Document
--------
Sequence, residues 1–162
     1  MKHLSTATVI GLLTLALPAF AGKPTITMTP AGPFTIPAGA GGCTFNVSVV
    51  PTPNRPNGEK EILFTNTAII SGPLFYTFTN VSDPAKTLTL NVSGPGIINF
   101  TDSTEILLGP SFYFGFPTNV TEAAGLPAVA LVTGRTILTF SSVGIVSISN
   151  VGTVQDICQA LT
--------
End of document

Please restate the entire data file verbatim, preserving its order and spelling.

Sequence, residues 1–162
     1  MKHLSTATVI GLLTLALPAF AGKPTITMTP AGPFTIPAGA GGCTFNVSVV
    51  PTPNRPNGEK EILFTNTAII SGPLFYTFTN VSDPAKTLTL NVSGPGIINF
   101  TDSTEILLGP SFYFGFPTNV TEAAGLPAVA LVTGRTILTF SSVGIVSISN
   151  VGTVQDICQA LT